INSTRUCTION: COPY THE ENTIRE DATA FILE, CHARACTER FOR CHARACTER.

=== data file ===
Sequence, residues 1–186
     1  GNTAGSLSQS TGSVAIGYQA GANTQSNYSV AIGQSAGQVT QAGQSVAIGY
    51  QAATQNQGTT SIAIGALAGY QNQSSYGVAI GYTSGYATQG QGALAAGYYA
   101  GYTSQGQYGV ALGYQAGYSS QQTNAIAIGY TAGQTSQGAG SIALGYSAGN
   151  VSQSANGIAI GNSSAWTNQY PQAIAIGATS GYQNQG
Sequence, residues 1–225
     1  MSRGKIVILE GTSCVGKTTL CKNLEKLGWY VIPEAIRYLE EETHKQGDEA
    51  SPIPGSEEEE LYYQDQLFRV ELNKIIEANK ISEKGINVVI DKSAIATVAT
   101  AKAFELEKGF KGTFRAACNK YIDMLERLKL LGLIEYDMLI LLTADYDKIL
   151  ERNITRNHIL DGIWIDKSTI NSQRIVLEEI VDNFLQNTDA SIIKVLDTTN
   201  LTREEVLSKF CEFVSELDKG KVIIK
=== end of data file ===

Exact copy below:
Sequence, residues 1–186
     1  GNTAGSLSQS TGSVAIGYQA GANTQSNYSV AIGQSAGQVT QAGQSVAIGY
    51  QAATQNQGTT SIAIGALAGY QNQSSYGVAI GYTSGYATQG QGALAAGYYA
   101  GYTSQGQYGV ALGYQAGYSS QQTNAIAIGY TAGQTSQGAG SIALGYSAGN
   151  VSQSANGIAI GNSSAWTNQY PQAIAIGATS GYQNQG
Sequence, residues 1–225
     1  MSRGKIVILE GTSCVGKTTL CKNLEKLGWY VIPEAIRYLE EETHKQGDEA
    51  SPIPGSEEEE LYYQDQLFRV ELNKIIEANK ISEKGINVVI DKSAIATVAT
   101  AKAFELEKGF KGTFRAACNK YIDMLERLKL LGLIEYDMLI LLTADYDKIL
   151  ERNITRNHIL DGIWIDKSTI NSQRIVLEEI VDNFLQNTDA SIIKVLDTTN
   201  LTREEVLSKF CEFVSELDKG KVIIK